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Cadillac: It's Hunting Season
by Jim Corbran
The 2013 Cadillac ATS
The car once touted in its advertising as “the standard of the world” still thinks pretty highly of itself. Only now the competition isn’t cushy Lincoln Continentals and Chrysler Imperials. No, the new 2013 Cadillac ATS has one car in particular in its gunsights: the BMW 3 Series.
Check out a few specs. Both have:
• a 2.0-liter, four-cylinder, direct-injected engine (a 2.5-liter non-turbo is standard on the ATS, but the ATS’s available 2.0-liter turbo has 32 more horsepower than the 328i);
• rear wheel-drive;
• and interior and exterior dimensions which are mostly within an inch of each other.
Then, there’s price. The ATS has a starting price of $33,990. The cheapest BMW 328i lists for $36,500. Adding the turbo to the ATS brings it up to $35,795. A difference of $195 for the comparably-equipped turbos is peanuts. So you have to start figuring in other things. Like value. Like reputation. Like what you like.
These days, the value and reputation parts of both lines are on a high. So if you’re shopping luxury sport sedans, what’s to like about the new Cadillac? Looks, they say, are subjective. Parked side-by-side, on this one I’m going with the ATS. BMWs have always been handsome cars, for the most part. Cadillacs have at best a spotty history in the styling department if you go back far enough. But the past 10 years or so they’ve plotted a new course, forgoing the flash of the old hump-backed Sevilles and chrome-laden Eldorados for the sophisticated look of the CTS, which has lent styling cues liberally to the rest of the lineup.
I stopped over at Keyser Cadillac last week to check out the new ATS, and was greeted in their new, under-construction showroom by Jack Taggart and Brad Fryling. No, they weren’t fighting over me, but with desks within an arm’s reach of the front door. you’d have to make an effort to miss them as you come in. This week’s subject was a Crystal Red Tintcoat 2.5-liter model, with a Jet Black interior. And again, I’m finding that the black interiors on many of the current crop of cars is just too black. The dash and door panels have something called “oil-rubbed Bronze Appearance Trim” which is near black. Cadillac offers other trims in wood grains, carbon fiber, and brushed aluminum which I think work much better.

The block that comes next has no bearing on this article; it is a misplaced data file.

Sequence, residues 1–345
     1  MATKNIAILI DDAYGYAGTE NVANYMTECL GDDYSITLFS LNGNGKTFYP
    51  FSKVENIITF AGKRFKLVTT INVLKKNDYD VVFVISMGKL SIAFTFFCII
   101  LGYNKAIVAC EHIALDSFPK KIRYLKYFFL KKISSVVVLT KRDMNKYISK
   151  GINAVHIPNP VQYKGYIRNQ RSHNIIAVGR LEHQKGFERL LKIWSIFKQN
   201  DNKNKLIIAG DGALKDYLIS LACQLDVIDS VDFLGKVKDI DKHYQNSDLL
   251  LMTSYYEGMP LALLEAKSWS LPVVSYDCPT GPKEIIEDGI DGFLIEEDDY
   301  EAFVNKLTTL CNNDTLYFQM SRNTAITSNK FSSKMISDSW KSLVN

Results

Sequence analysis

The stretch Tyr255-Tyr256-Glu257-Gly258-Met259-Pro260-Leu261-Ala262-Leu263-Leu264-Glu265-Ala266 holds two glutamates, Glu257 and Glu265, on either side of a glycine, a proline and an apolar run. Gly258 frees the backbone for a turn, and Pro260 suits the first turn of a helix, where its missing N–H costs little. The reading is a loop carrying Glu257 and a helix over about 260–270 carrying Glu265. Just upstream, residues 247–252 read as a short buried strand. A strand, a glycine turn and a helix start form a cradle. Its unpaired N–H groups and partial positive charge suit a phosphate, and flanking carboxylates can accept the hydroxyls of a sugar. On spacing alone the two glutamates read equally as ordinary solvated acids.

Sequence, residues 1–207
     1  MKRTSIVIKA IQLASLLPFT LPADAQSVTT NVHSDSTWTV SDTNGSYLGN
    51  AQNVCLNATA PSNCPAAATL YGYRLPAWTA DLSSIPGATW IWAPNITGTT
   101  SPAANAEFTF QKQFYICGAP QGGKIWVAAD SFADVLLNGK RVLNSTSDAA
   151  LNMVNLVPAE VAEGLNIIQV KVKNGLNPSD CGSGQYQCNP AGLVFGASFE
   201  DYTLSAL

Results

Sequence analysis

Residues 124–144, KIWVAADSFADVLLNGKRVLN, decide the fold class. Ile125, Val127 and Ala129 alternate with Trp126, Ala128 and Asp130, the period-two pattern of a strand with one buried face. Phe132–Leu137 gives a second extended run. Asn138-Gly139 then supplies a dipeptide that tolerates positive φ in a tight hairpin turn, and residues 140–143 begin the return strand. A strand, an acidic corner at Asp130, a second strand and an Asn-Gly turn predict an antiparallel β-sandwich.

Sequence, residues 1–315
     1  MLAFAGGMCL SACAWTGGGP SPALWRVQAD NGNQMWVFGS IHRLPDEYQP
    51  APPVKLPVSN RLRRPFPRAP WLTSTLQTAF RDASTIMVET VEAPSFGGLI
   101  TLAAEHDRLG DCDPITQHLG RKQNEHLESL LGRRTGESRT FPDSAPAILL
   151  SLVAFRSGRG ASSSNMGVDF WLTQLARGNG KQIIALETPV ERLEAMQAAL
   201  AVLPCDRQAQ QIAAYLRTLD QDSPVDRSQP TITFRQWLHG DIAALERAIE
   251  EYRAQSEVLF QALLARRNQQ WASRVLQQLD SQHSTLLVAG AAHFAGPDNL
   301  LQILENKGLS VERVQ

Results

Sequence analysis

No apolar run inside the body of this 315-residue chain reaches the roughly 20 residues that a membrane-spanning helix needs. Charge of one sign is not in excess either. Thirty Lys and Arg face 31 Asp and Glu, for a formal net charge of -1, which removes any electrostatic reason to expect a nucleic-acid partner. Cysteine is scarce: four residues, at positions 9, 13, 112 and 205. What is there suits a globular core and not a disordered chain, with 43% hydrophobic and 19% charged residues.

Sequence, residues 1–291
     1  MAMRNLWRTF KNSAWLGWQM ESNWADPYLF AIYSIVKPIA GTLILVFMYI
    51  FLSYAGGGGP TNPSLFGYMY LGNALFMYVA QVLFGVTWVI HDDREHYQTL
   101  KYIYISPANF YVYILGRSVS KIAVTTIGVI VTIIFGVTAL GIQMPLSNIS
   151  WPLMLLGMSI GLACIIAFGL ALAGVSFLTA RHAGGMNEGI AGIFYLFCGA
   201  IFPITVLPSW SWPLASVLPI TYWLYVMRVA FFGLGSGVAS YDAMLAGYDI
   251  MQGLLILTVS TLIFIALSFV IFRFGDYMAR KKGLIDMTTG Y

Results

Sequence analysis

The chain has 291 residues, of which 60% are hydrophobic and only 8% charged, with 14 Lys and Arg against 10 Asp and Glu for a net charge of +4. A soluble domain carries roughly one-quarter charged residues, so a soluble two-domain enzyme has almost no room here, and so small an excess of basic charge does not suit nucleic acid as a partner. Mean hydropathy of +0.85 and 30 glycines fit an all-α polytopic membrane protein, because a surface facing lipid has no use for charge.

The front seats, covered in leatherette, were very comfortable and shaped well to hold you firmly in place. This isn’t your grandfather’s Sedan de Ville. There are adjustments aplenty for the driver’s seat and steering wheel for just about anyone to find a comfortable driving position. With the seat set for my six-foot frame, I was still able to comfortably seat myself in the back (although the door opening isn’t exactly what I’d call generous). And (luckily) the sunroof doesn’t intrude on rear seat headroom.
If I were writing a Cadillac review 25 years ago, here I’d be going on about the 1987 Brougham d’Elegance’s multi-buttoned seating and adjustable rear-seat reading lamps (which, on the Fleetwood Seventy-Five limousine, were prefocused). The ATS’s brochure leads off with the fact that it was perfected at Germany’s Nürburgring, the famous high-speed driving complex. The ATS is more driver-focused than the old “standards of the world” used to be. Brembo brakes are available; standard is a four-wheel independent suspension, 17-inch aluminum wheels, a Bose Premium seven-speaker sound system with USB and card reader, push-button start, automatic climate control…need I go on? It’s a Cadillac, fer cryin’ out loud. Still with a long list of equipment. Trying, once again, to be the standard of the world.
More info at cadillac.com.
Read more of Jim Corbran's You Auto Know every other week in Artvoice, and more frequently on Artvoice Daily.blog comments powered by Disqus
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